Formatting Footnotes and Endnotes
- Formatting Footnotes
- Formatting Endnotes
In your main text:
Often the heroine and her eventual husband are kept apart initially by misunderstanding, by the hero’s misguided attraction to another, by financial obstacles, or by family objections. 1
At the bottom of the page:
1. See Green, especially 1-7, and also Hinnant, for further description and discussion of the courtship novel. Green considers Mansfield Park a courtship novel, including it in a list of such novels in the period 1740-1820 (163–64).
Citing a footnote within another source
Books, journal articles and other sources may contain footnotes or endnotes that you would like to cite in your paper. To cite information from a single numbered note, write “n” after the page number, and then write the note number, e.g. (Johnson 93n2). This would be a citation from the second note on page 93 of a source authored by Johnson.
MLA recommends that all endnotes be listed on a separate page entitled Notes (centered). The title of the page is Note if there is only one note . If there are two or more notes then the title of the page is Notes and it should appear before the Works Cited page.
The endnotes are double-spaced and listed consecutively by numbers that correspond to the note in your main text. The first line of each endnote is indented five spaces, and subsequent lines are flush with the left margin. After each endnote number you should place a period, a space, and then the appropriate note.
Endnotes page (examples)
1. As the authors argue literacy can be complete when reading is accompanied by writing..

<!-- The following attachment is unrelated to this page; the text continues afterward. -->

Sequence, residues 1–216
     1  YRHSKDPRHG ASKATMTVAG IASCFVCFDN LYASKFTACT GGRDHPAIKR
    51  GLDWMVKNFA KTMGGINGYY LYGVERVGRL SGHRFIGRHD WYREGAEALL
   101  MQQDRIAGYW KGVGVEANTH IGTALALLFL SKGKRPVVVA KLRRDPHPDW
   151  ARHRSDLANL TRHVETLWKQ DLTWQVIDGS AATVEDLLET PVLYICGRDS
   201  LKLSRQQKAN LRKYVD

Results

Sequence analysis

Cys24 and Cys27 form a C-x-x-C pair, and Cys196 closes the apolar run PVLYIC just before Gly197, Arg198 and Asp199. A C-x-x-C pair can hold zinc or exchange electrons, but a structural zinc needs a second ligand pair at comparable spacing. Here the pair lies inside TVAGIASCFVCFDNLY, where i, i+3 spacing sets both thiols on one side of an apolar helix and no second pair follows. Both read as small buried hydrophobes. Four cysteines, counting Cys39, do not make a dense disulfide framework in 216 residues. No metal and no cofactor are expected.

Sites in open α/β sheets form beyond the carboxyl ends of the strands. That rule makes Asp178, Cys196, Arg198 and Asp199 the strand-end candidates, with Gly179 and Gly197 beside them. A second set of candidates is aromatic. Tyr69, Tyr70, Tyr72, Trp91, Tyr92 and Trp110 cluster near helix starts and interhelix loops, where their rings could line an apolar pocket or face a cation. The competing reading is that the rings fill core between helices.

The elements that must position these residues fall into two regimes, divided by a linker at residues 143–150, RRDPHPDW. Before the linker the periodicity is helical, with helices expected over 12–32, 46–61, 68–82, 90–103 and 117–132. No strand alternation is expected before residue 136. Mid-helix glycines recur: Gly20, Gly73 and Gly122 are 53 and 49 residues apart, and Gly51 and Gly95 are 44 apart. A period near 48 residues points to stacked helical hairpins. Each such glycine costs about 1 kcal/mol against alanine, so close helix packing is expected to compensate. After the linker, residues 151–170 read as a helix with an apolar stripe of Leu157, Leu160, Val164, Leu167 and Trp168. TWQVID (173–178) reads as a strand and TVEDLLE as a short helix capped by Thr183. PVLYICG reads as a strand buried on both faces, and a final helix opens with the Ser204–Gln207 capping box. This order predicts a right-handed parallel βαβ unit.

2. For the purposes of this paper, “science” is defined as it was in nineteenth
century agriculture: conducting experiments and engaging in research.
3. Please note that any direct quotes from the nineteenth century texts are written
in their original form, which may contain grammar mistakes according to twenty-first
century grammar rules.
4. Translations are mine unless otherwise noted.
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A Guide to Using MLA Footnotes and Endnotes
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MLA footnotes and endnotes are used to add additional bibliographical clarity or to provide explanatory information to your paper. MLA recommends a specific format for these notes, how they appear, and guidance on when to use them. Learn how to incorporate MLA footnotes and endnotes below to produce a high-quality paper or essay.
- 1 MLA footnotes and endnotes – In a nutshell
- 2 Definition: MLA footnotes and endnotes
- 3 MLA footnotes and endnotes – Format
- 4 MLA footnotes and endnotes – Multiple sources
- 5 MLA footnotes and endnotes – Citation/translation explanations
- 6 MLA footnotes and endnotes – Elaborate ideas
- 7 MLA footnotes and endnotes – Add more examples
MLA footnotes and endnotes – In a nutshell
- The MLA writing style discourages extensive notes. It does, however, allow the use of notes to give extra information regarding bibliographic sources in order to offer an explanation of your main text.
- Do not use MLA footnotes and endnotes to cite sources, this should be done within the text itself (in parentheses).
- You can choose to use either footnotes or endnotes – just be consistent.
- Format your MLA footnotes and endnotes correctly, with superscript numbers appearing after punctuation marks and clauses.
Definition: MLA footnotes and endnotes
The MLA style always recommends in-text citations when citing sources within your paper. Unlike other writing styles, like Chicago, notes should never be used in place of citations. Instead, MLA footnotes and endnotes are used for the following:
- When citing many sources at once.
- To provide additional information regarding a citation, like a translation source.